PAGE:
Designed for RVers this fridge can operate in 3 ways: on electricity, propane or battery reserves. This allows for flexible power usage and avoids having to drain your house battery too much while you are traveling.
It has shelves that are easily adjustable or removable, which helps maximize storage capacity. It also features recessed door handles and hidden hinges for a streamlined appearance.
The biggest thing to consider when choosing an RV fridge is size. You’ll want to measure the space where you plan on installing it, as this will help narrow your options. It also helps to know how much power you’ll have available, as this can impact what type of fridge you can use in your RV.
If you’re looking for a smaller option, check out the Dometic CD-50 Drawer Refrigerator. This is a perfect fit for shorter RVs, such as camper vans and cab-over campers. It uses a compressor to cool, which is more efficient than absorption models. This refrigerator is also great for those who love to boondock, as it can run on a regular power supply like propane or solar. However, if you’re planning on staying at developed campgrounds with electric hook-ups most of the time, then you may want to stick with a residential fridge that can run off an inverter and standard 12V DC power.
There are a few different styles of fridges available to RVers. Some use compressor or absorption cooling to keep things cool, while others work by moving electrical currents in the fridge to bring warm air to one end and cold air to the other. These fridges tend to be smaller because they run solely off electricity and require an RV power inverter.
Residential-style refrigerators that only run off electric power are sometimes used in RVs, but most die-hard boondocking enthusiasts favor absorption fridges that can be powered by either mains power or propane gas. This allows them to stay off-grid for longer periods of time without having to lug around a generator or worry about noise restrictions at a campground.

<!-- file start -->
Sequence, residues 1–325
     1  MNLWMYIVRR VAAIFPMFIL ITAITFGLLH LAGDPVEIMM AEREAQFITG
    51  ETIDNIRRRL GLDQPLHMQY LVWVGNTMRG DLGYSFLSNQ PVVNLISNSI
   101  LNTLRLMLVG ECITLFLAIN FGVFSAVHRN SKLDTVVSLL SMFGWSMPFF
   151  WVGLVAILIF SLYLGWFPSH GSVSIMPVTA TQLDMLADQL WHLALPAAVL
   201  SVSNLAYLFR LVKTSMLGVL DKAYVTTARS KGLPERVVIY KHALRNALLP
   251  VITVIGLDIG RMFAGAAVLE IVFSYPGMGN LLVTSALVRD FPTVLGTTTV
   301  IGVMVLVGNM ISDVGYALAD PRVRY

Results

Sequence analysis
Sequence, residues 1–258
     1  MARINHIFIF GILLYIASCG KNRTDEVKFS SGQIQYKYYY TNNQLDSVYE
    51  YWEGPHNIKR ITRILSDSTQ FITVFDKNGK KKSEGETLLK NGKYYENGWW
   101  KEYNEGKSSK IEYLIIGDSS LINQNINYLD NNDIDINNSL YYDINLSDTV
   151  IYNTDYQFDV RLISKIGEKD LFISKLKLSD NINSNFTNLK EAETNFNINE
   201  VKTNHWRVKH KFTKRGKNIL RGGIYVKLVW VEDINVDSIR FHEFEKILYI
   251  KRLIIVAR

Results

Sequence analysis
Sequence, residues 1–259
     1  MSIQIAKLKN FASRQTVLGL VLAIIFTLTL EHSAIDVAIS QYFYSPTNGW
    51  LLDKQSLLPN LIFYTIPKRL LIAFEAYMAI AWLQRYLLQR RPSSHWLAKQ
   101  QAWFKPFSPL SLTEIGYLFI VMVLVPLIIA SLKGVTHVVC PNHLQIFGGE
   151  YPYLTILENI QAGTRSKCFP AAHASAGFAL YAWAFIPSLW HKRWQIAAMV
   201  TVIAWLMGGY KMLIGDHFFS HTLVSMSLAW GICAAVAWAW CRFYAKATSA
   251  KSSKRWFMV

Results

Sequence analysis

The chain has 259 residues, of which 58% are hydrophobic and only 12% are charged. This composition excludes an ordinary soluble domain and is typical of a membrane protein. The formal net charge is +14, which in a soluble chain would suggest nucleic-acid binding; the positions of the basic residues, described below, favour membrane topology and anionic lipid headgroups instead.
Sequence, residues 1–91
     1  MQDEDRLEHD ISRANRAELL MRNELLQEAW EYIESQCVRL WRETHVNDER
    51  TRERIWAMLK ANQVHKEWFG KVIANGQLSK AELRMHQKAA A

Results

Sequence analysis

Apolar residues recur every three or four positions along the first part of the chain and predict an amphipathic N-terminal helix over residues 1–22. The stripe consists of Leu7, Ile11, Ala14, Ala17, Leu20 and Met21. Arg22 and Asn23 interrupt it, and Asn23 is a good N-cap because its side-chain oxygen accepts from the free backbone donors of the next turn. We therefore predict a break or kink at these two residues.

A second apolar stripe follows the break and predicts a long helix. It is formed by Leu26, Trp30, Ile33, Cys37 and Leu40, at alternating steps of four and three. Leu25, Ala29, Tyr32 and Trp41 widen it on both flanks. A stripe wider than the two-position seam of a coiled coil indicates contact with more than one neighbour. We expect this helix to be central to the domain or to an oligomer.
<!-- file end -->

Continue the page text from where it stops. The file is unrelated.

Dometic offers a sleek-looking fridge that looks like it could be found in a modern home and features two produce “crisper” drawers and a separate freezer section. It also has a digital control panel with modes that increase energy efficiency and decrease noise levels.
The refrigerator is the most energy-consuming appliance in an RV. It’s important to choose one that consumes as little power as possible if you want to save your battery bank.
Thermoelectric fridges use the most power, followed by absorption refrigerators. Absorption fridges can be powered with propane or electricity. However, they need an additional source of heat to boil the refrigerant solution. The heat can come from a separate element, a generator, or the RV’s propane gas.
If you’re planning to use a residential-style refrigerator in your RV, make sure you have an inverter that can run it on AC power when not plugged into shore power or your coach batteries. Otherwise, you’ll need a propane tank for backup and a way to store extra fuel. Moreover, a residential-style refrigerator can’t withstand the bumps and jostles of travel on an RV, which shortens its lifespan. This is especially true if the fridge is constantly running on propane.
An RV residential refrigerator offers you the capacity, convenience and energy efficiency that you want. The problem is that installing one requires a serious level of handyman skills in cabinetmaking and wiring. It’s not something you want to tackle on your own.
A residential fridge is a great choice if you want to replace an absorption fridge that’s on its last legs, or if your current fridge doesn’t have enough room. However, it’s not a good idea to use an aftermarket residential fridge in an RV that’s already in motion on the road. The shaking and jostling will cause damage.
A residential fridge can run on AC power while your RV is plugged into shore power or a generator, and it can also run on propane when boondocking. Some models, called 3-way fridges, can switch between these different power sources automatically. You can help your refrigerator run more efficiently by shopping less frequently for fresh foods and using smaller containers that are easier to fit in the drawers. Also, consider putting a fan in the refrigerator to move air around on hot days.